Libertarianism on a ventilator
Trump continues his fatwa against social distancing, firing up his cult of crackpots to divert attention from his falling approval numbers and his administration’s incoherent response to the COVID-19 pandemic. In the heat of reaction for or against the stupidity of these astroturf protests around the country, we might miss the fact that this viral outbreak is driving a stake through the heart of libertarian ideology. Yes, of course, there is an aggressive resurgence at this point in time, like a deep last gasp before giving up the ghost. Libertarianism is dying, and liberalism is not far behind.
Most of us are passing familiar with the centrality of property in liberal philosophy and libertarian ideology. Property is a state-protected entitlement to use land and products as we see fit and to dispose of said property in any manner we see fit. Property is “alienable.” Liberals qualify this, whereas libertarians sanctify it.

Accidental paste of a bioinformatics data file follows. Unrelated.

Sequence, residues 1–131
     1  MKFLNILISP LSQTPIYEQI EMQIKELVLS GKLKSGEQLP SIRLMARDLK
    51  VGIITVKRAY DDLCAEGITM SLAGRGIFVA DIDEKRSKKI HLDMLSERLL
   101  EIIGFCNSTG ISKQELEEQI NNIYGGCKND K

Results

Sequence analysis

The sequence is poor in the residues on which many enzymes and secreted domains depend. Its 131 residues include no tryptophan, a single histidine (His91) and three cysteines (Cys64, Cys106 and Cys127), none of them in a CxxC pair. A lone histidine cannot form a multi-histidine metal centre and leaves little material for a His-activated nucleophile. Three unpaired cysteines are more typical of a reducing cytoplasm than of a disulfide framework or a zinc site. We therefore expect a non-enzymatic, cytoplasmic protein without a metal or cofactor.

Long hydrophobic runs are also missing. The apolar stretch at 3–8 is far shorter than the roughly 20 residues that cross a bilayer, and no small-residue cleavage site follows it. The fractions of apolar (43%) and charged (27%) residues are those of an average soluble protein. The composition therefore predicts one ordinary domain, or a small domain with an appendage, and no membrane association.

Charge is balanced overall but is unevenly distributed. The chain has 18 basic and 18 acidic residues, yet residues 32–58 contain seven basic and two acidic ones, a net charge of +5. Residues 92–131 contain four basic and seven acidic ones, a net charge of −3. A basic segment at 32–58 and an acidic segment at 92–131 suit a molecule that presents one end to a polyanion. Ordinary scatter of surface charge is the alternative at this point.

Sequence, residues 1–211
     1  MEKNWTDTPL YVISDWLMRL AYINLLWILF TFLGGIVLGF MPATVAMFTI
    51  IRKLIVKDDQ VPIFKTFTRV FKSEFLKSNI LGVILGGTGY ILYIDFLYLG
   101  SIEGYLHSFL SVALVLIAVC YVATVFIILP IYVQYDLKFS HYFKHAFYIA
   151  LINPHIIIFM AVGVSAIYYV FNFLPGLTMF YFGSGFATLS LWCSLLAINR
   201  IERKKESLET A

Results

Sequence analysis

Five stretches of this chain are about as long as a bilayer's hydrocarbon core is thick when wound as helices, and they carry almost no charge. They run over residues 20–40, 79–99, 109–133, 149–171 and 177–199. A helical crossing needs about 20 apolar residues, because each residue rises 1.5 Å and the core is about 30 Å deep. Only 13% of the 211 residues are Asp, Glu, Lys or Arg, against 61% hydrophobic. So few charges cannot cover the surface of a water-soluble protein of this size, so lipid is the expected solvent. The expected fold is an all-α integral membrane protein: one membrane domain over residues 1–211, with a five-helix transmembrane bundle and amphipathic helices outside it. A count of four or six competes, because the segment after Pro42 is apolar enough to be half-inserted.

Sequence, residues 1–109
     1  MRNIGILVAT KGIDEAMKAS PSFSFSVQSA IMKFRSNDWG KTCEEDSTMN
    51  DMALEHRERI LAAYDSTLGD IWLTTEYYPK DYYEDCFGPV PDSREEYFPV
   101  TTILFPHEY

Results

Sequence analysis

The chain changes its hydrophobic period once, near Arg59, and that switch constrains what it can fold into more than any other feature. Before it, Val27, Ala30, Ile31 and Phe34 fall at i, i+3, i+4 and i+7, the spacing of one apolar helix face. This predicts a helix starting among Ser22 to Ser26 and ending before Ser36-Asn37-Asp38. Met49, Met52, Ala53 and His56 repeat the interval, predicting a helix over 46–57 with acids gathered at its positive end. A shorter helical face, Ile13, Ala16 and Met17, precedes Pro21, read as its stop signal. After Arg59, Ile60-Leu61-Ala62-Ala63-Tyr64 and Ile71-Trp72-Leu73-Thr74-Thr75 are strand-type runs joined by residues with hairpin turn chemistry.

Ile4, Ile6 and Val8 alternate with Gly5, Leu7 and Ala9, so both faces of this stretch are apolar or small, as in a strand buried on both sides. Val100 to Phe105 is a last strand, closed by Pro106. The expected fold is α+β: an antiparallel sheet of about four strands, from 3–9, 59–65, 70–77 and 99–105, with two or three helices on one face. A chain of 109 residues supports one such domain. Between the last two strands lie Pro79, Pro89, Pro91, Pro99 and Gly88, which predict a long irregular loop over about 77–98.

This is basic social contract stuff. But hidden inside the more well- known“social contract” is a peculiarly modern idea of the self as property —the self as owner of a transferable body. One would think that in a society that prides itself on being grounded in empiricism, we would question the idea that there is some entity, apart from one’s embodied existence, that “owns” her or his body. Yet, the idea that one’s body is not alienable is almost incomprehensible to us.
We believe that each person has the right to dispose of her or his body as
she or he sees fit . . . to a point, of course. Suicide is still against the law in
most states, even though no one is left to prosecute for violation; and we are
prohibited from legally consuming certain kinds of drugs, a bureaucratic
legal limitation on freedom. But the commonsense belief among most of us
is that we can do as we wish with ourselves understood as alienable bodies. Herein is a contradiction.